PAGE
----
How to buy sustainable seafood in Australia

A nice video showing a sustainable way to catch fish in Moreton Bay, Queensland, Australia
According to the “Shop Ethical” guide:
Demand for seafood has doubled over the past 30 years; three-quarters of the world’s oceans are now fished right up to their limit. Often we’re eating rare or endangered ocean species without realising it. This includes shark, commonly sold as ‘flake’ in fish and chip shops; and species such as orange roughy, bluefin tuna, swordfish, and toothfish. ‘Bycatch’ – fish caught unintentionally – often sees up to 15 tonnes of discarded fish per tonne of targeted seafood.

When buying sustainable seafood you want to ask a few questions:

  1. Buy local. Ask where it’s from and if it’s imported ask for certified sustainable seafood.
  2. Consult a seafood guide. Use the the Australia’s Sustainable Seafood Guide or app to choose a fish that has been sustainably caught and managed. For the best choice in tuna consult the Greenpeace canned tuna guide.
  3. Look for certified products from the Marine Stewardship Council (see below).

msc1

Good swaps

If you consult your Australia’s Sustainable Seafood Guide, you’ll want to choose fish which are ranked “Green – Better choice”, such as Australian Bonito, Bream, Luderick, mullet, tailor and whiting.

Here are some of the more popular fish with their green – better choices:

  • Calamari – choose Squid, calamari, cuttlefish and octopus 
  • Crab – Blue Swimmer (Sand) crab, Mud crab
  • Mussels – Blue Mussels, also better choice is Green Mussel imported from New Zealand
  • Salmon – Imported canned salmon, predominantly Sockeye (Red) and Pink Salmon
  • Tuna – Australian Bonito, Better choice: troll or poll and line caught Albacore Tuna and Skipjack Tuna

Seafood guides

For choosing a sustainable fish consult one of the following resources:

Permablitz in Australia

permablitz

“Changing the world, one garden at a time”
– Kim Glasgow

Permablitz started in April 2006 with a collaboration between permaculture students and a South American community group in Melbourne, Australia. Since then, many more permablitzs have been held and it has gained an international reputation as a successful tool for fast-tracking the suburbs towards sustainability.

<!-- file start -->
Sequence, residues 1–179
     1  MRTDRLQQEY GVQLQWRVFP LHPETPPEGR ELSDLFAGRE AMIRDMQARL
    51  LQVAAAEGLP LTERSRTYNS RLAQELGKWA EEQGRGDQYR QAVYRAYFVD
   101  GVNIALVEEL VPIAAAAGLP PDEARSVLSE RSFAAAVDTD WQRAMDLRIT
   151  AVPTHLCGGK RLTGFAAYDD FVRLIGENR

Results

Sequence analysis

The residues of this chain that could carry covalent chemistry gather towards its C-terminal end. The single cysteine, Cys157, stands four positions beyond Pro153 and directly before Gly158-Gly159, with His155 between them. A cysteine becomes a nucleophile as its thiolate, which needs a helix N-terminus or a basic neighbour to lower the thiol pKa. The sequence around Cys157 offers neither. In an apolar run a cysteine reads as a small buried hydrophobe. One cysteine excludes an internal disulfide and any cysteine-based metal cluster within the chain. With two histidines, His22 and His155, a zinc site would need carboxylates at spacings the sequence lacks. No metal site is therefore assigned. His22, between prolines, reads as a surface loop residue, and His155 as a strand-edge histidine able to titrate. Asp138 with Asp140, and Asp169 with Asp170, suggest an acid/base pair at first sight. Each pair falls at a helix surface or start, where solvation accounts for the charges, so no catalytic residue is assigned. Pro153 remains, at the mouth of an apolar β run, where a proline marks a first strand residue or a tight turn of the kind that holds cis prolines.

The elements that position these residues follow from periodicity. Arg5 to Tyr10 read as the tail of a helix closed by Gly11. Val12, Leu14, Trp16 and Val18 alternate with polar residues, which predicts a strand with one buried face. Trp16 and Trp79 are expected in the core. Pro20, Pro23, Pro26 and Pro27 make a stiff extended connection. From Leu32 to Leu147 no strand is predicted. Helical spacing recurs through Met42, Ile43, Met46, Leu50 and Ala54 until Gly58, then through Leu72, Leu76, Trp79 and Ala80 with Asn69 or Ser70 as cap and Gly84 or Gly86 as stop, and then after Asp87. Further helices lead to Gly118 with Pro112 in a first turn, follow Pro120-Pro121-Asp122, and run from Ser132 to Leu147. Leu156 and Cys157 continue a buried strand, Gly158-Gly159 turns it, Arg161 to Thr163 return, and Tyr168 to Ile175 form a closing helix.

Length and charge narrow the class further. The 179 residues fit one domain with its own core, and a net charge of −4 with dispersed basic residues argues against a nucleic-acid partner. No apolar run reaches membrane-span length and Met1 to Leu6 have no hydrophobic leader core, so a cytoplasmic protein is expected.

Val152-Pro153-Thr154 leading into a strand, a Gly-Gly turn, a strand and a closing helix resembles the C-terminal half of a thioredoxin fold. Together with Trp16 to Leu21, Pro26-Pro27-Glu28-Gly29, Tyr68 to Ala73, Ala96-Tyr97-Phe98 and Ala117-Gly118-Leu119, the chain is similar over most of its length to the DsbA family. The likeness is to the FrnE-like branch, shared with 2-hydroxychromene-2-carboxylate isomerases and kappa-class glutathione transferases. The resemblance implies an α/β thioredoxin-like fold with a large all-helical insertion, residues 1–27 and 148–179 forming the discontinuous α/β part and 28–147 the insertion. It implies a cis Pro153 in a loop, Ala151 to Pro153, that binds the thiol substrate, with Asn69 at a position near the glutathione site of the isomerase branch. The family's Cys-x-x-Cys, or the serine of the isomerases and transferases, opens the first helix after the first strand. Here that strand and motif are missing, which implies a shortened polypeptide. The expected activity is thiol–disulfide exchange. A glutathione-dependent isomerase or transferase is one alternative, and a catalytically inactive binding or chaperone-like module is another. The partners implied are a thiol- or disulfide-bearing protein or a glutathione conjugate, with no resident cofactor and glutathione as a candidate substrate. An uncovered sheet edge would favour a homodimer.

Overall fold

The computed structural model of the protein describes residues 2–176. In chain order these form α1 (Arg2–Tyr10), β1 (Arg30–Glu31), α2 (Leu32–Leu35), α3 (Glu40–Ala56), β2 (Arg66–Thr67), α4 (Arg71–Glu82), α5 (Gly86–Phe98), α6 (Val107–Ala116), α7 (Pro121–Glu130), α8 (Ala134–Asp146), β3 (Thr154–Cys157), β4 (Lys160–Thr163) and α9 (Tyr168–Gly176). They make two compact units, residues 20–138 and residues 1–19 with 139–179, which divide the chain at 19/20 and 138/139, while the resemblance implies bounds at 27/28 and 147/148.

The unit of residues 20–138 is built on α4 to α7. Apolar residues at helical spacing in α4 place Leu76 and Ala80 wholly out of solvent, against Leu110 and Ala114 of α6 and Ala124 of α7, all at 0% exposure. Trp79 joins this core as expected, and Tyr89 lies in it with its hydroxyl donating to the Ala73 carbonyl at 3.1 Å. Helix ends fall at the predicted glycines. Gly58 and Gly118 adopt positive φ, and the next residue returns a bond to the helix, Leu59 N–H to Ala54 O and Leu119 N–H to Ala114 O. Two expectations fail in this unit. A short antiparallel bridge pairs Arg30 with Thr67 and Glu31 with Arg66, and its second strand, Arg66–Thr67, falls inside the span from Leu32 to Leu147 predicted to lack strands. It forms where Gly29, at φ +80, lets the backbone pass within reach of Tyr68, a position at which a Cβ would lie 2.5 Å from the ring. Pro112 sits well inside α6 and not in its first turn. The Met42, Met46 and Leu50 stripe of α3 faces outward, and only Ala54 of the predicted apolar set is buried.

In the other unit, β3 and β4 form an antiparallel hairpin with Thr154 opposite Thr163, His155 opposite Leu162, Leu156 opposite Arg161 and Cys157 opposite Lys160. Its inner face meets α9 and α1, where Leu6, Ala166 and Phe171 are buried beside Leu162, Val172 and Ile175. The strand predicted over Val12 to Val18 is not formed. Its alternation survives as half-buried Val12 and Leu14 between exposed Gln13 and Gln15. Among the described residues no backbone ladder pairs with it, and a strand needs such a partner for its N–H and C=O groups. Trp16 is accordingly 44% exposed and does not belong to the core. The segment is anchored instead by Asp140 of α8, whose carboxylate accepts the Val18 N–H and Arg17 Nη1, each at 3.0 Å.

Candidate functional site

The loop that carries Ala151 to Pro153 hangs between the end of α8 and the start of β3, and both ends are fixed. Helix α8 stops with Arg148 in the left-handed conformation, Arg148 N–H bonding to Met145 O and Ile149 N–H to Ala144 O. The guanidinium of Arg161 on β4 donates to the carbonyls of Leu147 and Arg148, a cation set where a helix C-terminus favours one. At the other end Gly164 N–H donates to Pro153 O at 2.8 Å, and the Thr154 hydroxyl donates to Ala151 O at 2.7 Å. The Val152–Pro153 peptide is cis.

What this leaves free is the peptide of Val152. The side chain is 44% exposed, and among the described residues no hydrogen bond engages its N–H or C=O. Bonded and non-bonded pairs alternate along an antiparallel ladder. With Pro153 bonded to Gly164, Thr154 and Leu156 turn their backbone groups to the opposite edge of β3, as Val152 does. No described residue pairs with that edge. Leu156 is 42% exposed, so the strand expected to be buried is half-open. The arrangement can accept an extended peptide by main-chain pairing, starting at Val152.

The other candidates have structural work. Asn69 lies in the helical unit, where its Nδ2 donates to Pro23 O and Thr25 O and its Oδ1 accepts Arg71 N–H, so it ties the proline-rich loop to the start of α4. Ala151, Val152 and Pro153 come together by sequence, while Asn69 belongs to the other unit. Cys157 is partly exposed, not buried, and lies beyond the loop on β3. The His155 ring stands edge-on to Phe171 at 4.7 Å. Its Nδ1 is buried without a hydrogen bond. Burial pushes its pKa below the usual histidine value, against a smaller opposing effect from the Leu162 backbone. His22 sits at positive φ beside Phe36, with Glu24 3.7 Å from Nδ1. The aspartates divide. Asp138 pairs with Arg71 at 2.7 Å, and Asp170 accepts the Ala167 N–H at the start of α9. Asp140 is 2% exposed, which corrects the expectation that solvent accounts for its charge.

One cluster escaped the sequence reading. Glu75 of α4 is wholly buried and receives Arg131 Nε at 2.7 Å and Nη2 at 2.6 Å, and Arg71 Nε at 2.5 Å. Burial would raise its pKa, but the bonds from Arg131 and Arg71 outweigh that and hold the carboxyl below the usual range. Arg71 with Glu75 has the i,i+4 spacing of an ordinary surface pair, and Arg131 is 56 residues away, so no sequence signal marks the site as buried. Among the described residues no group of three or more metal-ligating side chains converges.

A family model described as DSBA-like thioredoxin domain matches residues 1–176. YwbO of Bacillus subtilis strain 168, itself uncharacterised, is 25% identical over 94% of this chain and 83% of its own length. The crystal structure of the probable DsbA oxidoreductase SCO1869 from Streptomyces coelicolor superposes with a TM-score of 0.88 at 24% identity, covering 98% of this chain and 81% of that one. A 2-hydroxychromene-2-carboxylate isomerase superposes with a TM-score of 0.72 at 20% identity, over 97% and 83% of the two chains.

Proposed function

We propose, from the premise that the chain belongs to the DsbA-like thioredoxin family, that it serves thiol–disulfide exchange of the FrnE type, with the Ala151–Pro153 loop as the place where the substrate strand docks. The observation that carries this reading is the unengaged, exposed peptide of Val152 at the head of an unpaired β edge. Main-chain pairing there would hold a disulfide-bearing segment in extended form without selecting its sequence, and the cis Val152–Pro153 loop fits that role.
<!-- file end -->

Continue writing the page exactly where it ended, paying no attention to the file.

A permablitz is an informal gathering involving a day on which a group of people come together to transform backyards into productive, edible gardens at someone’s home. Permablitzs require you to help out at three or more other blitzes before having one at your own home.

The network runs on reciprocity and each blitz always includes a permaculture design.

“Permablitz is a social enterprise committed to improving the sustainability of our cities and suburbs. We use a sustainable design system called permaculture to help communities move away from denial and dependent consumerism to engagement and responsible production. Our core focus is helping people sustainably grow food where they live, building healthy communities in the process. Rather than depressing people with the bad news, we empower them with the good news – that solutions are at hand – and get on with having fun rolling them out” – Dan Palmer.

“Our ultimate aim is to make the suburbs edible enough such that should food become unaffordable, we don’t even notice.”

It’s great to see a simple idea such as Permablitz is gaining momentum and growing throughout Australia.

Capital cities:

Resources